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New Doc Ock Hits Spider-Man
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Marvel Hires New Publisher
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Marvel Searches For She-Hulk
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Marvel's Mutants Gains New Penciler
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Marvel Unveils '04 FF Plans
Marvel plans three Fantastic Four series for 2004, and we've got the details and preview art. Check this out.
2F2F DVD Contest
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Nut In The Shell:
Writing Is Hard Work
By Keith Giles

03.25.03


One of the main things that working with artists has taught me is just how much freaking WORK is involved in turning my scripts into art.

I can pound out a script in a week or so, but the artist has to sit down and spend hours on every single page just to get the pencils down. Then he gets to move on to the inking. And after that, the coloring too.

It’s a lot of hard work, and I don’t envy them one little bit.

But then again, maybe I think writing is easier because I’m not gifted as an artist?

Or, maybe it's an unfair question to begin with.

Both writing and illustrating are "HARD" in different ways.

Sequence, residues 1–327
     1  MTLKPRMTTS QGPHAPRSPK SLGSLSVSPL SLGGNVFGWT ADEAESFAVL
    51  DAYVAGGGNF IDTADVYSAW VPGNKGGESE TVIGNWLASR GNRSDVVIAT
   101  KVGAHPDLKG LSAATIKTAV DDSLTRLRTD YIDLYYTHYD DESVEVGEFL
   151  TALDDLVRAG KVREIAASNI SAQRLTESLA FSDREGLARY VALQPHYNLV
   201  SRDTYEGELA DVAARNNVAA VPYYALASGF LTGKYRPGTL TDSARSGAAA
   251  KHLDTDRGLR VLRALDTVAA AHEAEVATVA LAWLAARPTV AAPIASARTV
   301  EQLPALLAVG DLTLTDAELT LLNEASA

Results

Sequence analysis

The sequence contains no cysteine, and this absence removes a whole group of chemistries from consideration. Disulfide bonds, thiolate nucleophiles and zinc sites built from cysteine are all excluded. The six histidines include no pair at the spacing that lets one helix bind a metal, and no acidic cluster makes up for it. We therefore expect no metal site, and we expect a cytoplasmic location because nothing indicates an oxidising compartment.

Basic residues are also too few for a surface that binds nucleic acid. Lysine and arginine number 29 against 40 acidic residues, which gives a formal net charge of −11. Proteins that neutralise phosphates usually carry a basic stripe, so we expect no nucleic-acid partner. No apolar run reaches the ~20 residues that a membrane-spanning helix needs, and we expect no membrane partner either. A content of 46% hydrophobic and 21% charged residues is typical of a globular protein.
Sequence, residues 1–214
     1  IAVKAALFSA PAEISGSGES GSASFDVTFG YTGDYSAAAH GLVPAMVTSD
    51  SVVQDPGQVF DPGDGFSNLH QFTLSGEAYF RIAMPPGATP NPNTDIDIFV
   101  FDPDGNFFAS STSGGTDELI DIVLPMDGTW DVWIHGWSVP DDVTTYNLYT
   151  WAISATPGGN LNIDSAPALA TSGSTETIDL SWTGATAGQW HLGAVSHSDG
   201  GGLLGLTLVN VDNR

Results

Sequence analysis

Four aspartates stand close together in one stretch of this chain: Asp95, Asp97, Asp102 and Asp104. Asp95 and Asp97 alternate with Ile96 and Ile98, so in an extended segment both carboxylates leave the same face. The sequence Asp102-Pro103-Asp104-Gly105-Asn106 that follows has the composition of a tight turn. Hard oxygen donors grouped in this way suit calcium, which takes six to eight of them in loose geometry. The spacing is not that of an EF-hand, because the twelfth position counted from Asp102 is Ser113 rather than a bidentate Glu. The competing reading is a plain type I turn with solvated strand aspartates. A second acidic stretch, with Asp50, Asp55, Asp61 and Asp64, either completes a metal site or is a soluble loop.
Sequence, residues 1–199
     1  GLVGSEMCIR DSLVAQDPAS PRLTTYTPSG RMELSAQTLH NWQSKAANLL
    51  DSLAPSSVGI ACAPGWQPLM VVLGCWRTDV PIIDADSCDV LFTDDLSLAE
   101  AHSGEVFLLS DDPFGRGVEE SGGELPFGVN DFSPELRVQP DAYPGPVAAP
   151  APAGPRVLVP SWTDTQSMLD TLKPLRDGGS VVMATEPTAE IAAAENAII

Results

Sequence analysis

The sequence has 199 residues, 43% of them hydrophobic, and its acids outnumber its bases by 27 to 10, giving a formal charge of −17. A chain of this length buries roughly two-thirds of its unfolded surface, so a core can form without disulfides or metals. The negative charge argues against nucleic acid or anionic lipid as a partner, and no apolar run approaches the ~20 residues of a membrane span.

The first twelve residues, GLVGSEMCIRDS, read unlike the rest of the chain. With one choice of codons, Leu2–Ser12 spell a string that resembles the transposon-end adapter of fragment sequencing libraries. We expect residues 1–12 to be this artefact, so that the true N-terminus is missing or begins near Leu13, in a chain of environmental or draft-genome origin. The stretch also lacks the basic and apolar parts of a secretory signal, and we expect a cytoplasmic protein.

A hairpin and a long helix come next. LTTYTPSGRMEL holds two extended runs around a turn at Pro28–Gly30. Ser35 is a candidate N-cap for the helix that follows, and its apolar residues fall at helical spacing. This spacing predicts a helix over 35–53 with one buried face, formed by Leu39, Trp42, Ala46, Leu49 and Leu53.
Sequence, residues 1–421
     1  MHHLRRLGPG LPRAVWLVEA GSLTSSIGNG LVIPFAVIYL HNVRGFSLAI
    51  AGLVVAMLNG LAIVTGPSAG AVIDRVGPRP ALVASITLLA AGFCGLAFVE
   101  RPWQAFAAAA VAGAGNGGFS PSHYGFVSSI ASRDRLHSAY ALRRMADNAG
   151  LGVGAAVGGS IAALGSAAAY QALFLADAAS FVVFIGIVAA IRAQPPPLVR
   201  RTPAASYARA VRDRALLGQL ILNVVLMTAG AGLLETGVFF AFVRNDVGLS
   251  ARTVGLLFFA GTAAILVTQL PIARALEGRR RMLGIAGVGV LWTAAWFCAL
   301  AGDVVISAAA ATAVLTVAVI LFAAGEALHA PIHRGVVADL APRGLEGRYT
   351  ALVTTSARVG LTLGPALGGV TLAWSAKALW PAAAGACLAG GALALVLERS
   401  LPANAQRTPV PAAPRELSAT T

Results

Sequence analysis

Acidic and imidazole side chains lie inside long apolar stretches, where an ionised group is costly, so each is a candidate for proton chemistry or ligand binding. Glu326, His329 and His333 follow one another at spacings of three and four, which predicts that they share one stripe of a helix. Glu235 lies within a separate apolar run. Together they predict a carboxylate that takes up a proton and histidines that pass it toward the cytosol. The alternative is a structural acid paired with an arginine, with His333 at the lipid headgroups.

Sure, when you're talking about comics, (the blending of art and writing), you can easily say that, "Without that script, nothing happens..,” but you could also say, "Without that art, nothing is finished".

The point is, neither is what you would call easy, and they both involve a lot of hard work.

A phrase my Creative Writing instructor in College always used was that "Writing is Work," and he's right. In fact, as I sat and listened to my instructor go on and on about how much work he put into writing his novels, and then pitching them to prospective publishers, I very nearly decided that a writer was something I really didn’t ever want to be. It was too much work, I said to myself.

My instructor was a guy named Kent Anderson, author of two fantastic novels; “SYMPATHY FOR THE DEVIL” and the sequel, “NIGHT DOGS.” I highly recommend both to any aspiring writers who want to read some incredible works of fiction.

Anderson spent hours, weeks, and years polishing his pages, hammering out his dialog and plotting out his story. But, in the end, his hard work paid off.

Before taking that class, all those years ago, I used to think that writing was just something that came naturally to me. Sure, in some ways it does, but the finished product is almost never the first thing I put to paper. It always involves re-writing, editing, research, re-writing again and then more re-writing.

I’ve even re-written some key dialog for a comic while I was preparing the final print copy!

One of the best exercises I learned from Mr. Anderson was the art of reducing the content into tight, compact, hard-boiled nuggets of prose.

The way he taught us was to assign us a basic scene to write.

A guy walks into a bar near the docks. He’s dripping wet from the rain outside. Only one other patron is in the bar, a guy in the corner who’s been drinking the same beer for an hour. The new customer walks in, asks the bartender for a drink, downs it, then turns to the other guy at the end of the bar and shoots him three times in the chest. Pays for his drink and walks out.